Being attached to a motor, the projection could even stay in place while the car drives towards it, eventually driving “over” the projection itself.
Starting to prototype exactly that, the first stop I made was at the Noun Project, the one stop shop for icons.
With the majority of icons being octagons, duh, I set out to design what a car would look like projecting a stop sign on to a crosswalk.
I thought that this way, a pedestrian wanting to cross the street would see that the car was going to go first, and they should stop before crossing.
The “I don’t get it”s
Showing my friends Wave, I was surprised to be met with confused faces. “Wait, is the car saying it’s stopping or is it telling the pedestrian to stop?”
I realized a fatal flaw in my design: it wasn’t neutral ground for drivers’ and pedestrians’ separate languages. While cars yield when they see a red octagon, pedestrians only stop when they see a red hand. More confusing, cars go when they see a green circle, pedestrians cross when they see a white, walking stick figure.
It was clear that there needs to be a clear differentiation between the projection signaling the car’s intention versus what it’s asking the pedestrian to do.
And, to unify the difference between the meaning of colors and icons around the world, I couldn’t stop at the Noun Project. I needed to scour the web for commonalities among countries’ traffic icons to create colored icons that could be understood by all.
The next step
After researching, I found that for an AV to communicate with a pedestrian, the car needs to project icons familiar to pedestrians when they’re on the move. At a crosswalk scenario, the car projects a green walk icon to tell the pedestrian it could cross. And after crossing, the car can project a red hand to signal to others that it’s now its turn.
Another advantage of Wave is that unlike the second or two a driver today waves or raises their hand while driving today, these icons can project for five times as long. Not only does this increase visibility, it maximizes the safety self-driving cars promise.
The U.S. is home to one of the strangest traffic conventions ever: the four-way stop. If you think about it, the four-way stop a symphony of different moving parts. The politics between cars and pedestrians, and cars and cars, is a lot for an AV to observe and act upon. Melissa Cefkin explains this really well.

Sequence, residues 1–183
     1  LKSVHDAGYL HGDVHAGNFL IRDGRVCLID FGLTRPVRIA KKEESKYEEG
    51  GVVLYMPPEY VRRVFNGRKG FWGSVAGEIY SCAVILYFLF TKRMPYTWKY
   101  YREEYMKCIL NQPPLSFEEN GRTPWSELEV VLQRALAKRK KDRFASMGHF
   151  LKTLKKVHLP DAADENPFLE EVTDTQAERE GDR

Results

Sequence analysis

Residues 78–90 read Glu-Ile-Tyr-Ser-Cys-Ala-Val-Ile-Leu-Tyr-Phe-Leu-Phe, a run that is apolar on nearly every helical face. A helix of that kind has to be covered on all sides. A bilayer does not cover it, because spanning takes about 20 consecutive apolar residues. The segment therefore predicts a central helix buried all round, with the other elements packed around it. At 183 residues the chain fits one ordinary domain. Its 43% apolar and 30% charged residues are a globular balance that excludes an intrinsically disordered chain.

The biggest pain point for both cars and pedestrians is them not knowing what their counterpart’s next move will be. “Do I have enough time to run across the street?” is a common thought for pedestrians and “Did I get to the intersection first or did they?” is one of drivers.
Well, Wave can solve this too. With Lidar, aka the eyes of any self-driving car (or the spinny thing up top), AV’s know their planned path 2–3 football fields in advance. Cars can easily take advantage of that at four-way stops.
Going into an intersection with the intention of making a left turn, Wave enables a car to project their planned path many feet ahead, before they execute the turn.
This allows pedestrians and other drivers alike to see a self-driving car’s intention and where it plans to go, giving them more knowledge to act upon. Instead of a pedestrian stopping right in front of a car, they can stop a foot away from the car’s projected path, knowing what its turning radius will be because of Wave.
Radically reducing unintended confrontations, simplifying intersections, and making autonomous vehicles even safer, Wave can change how pedestrians and cars interact with each other even before that kind of problem arises.
Wave can only go so far on my computer. The next step in the process is obviously to test it in the real world. Sadly, that’s where my expertise stops short. Not only do I not have a self-driving car to play around with, I don’t even have a dummy car to run experiments on.
The limitations of my computer don’t stop at just testing, they hold me back from getting feedback from people outside my circle. That’s why I’m here on Medium, where hopefully a researcher can help me take Wave to the next level (wink, wink).
The self-driving car race is at the highest point it’s ever been. Companies like Waymo have started testing programs with real people and no driver behind the wheel. Companies like Uber have retreated over the stress of the industry. And, companies like Zoox can come from out of nowhere to take the fallen’s place.
If you have feedback, I want it. If you have resources to help test Wave, I would love to talk. If you have the cash to sponsor the patent, email me immediately.
For now, I’ll stick to conducting more case studies in the self-driving space. Want a hint of what’s coming next? Well, combine the overall theme of this past post with this one. You can always reach out for more.